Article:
From “Pig Person,” an essay in the collection In the Land of the Cyclops, which will be published this month by Archipelago Books. Translated from the Norwegian.
Preconceptions are a way of seeing in which the nature of what is seen is already determined. The opposite would be seeing with an open eye that accorded everything the same value, be it blood, vomit, excrement, dawns, lawns, lynx, maggots, roe, owls, hearts, crowds, monkeys, chairs, tables. This impartial eye would be unable to see any connection between different entities and phenomena, since perhaps our most important preconception has to do with what belongs together and what doesn’t. It is how we organize the world, and what makes it possible for us to live in it. This, referred to by Foucault as the order of things, is something we take for granted and which eludes capture. It is the way the world is—unless we step outside that order and into another. Only then will it become visible as what it is: an arbitrary system.
In the seventeenth century, other parameters steered the eye, creating a different order and different systems; in the tenth century, still others. The order of things is evident at an elementary level in Linnaeus’s classification of plants, or in our ideas of what constitutes acceptable behavior in public and in private, and it is evident too in more obviously constructed concepts such as the nation-state. What these things have in common is not only that they connect and hold together the elements within them, but that they are exclusive. The idea of the holy excludes all that is not holy, the idea of the rational excludes all that is not rational, Michel Serres wrote somewhere. The first logic tells us we cannot implant a pig’s heart into a human chest, it would be unethical, an impossible transgression, whereas the second logic, which sees the heart in functional terms, would consider it unproblematic, a heart is a heart as long as it does the job, no transgression.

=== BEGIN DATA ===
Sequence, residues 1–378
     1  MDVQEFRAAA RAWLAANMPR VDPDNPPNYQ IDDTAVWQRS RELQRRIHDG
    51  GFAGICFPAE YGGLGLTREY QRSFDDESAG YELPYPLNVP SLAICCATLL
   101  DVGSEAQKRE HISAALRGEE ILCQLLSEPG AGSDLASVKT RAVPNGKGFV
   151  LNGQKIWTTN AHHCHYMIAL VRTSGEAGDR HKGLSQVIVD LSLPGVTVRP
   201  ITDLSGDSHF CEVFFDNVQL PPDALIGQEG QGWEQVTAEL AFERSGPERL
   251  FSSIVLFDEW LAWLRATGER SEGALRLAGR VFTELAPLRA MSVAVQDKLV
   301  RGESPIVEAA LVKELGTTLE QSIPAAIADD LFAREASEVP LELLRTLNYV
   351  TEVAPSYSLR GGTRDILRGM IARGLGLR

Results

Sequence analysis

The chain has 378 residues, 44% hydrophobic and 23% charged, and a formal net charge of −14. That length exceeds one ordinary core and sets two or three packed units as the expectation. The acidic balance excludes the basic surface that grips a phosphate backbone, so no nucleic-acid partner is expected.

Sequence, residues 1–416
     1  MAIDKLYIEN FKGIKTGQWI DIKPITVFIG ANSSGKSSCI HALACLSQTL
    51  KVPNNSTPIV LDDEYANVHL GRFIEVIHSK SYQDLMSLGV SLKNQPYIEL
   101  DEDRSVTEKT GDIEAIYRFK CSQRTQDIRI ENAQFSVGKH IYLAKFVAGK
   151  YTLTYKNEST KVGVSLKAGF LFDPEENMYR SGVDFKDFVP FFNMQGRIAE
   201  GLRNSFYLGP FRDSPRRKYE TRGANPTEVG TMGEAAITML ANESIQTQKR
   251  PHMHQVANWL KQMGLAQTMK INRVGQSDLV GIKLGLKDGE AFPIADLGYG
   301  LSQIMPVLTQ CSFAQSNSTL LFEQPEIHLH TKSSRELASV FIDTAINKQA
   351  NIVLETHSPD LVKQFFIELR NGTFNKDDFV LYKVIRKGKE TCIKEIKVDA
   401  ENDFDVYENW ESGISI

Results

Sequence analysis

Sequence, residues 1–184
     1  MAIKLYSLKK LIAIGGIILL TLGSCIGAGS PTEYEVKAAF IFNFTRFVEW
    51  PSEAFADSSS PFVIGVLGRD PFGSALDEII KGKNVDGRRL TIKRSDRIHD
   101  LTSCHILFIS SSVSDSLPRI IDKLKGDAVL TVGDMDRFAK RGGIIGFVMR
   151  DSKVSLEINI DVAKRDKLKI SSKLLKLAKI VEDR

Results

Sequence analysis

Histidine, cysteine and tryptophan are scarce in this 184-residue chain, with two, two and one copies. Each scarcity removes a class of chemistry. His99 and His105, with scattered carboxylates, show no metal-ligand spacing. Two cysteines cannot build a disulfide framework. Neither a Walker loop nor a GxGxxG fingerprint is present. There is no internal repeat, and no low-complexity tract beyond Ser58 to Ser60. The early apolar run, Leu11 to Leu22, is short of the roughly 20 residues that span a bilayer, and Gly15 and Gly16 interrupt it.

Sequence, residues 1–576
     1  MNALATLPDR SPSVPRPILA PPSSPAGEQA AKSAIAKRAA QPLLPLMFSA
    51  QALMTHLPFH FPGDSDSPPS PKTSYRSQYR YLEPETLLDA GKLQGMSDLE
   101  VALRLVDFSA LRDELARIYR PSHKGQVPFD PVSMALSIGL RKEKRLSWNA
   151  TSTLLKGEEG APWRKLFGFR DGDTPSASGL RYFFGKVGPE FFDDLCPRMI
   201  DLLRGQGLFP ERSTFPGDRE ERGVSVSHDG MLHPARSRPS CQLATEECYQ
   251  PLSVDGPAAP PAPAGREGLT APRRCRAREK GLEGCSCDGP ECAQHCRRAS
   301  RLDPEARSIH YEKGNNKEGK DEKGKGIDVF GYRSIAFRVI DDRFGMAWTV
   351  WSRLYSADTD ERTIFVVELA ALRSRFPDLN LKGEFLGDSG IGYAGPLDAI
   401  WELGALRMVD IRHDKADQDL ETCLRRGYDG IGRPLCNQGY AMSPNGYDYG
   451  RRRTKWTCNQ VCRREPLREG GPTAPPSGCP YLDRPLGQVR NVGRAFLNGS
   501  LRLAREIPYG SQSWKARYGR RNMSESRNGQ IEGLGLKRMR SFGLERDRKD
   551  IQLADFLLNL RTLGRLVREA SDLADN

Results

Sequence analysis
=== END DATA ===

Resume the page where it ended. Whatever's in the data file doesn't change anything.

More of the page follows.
Transgression scares the life out of me. Anything that departs from what I experience as normal, the accepted state of things, the world the way it’s supposed to be, which of course is a moral imperative, makes me react strongly, often with disgust. I can’t get used to it. Except in art and literature, where it’s what I look for. Why? Because I want to see the world the way it is, which is something that is forever in the making, chaotic and incomprehensible, steered by laws we know absolutely nothing about, which also steer us. My search is existential, in contrast to the practical realities of day-to-day life, and takes place in the social world, where other laws apply. It is the desire for and the fear of transgression I recognize, and the pull of the thought that what we call human—and what makes us so forcefully deny what we call the nonhuman—is also arbitrary.
In the art of ancient Greece, there was a different order, steered by different systems. Consider the tenth book in Homer’s Odyssey, when Odysseus’ men arrive at the house of the sorceress Circe. There they find lions and wolves behaving against their nature, as civilized creatures: “These beasts did not attack my men, but stood on their hind legs and wagged their long tails.” The men are enticed into the house by Circe’s singing and turned into swine. “Grunting, their bodies covered with bristles, they looked just like pigs,” we are told, “but their minds were intact.”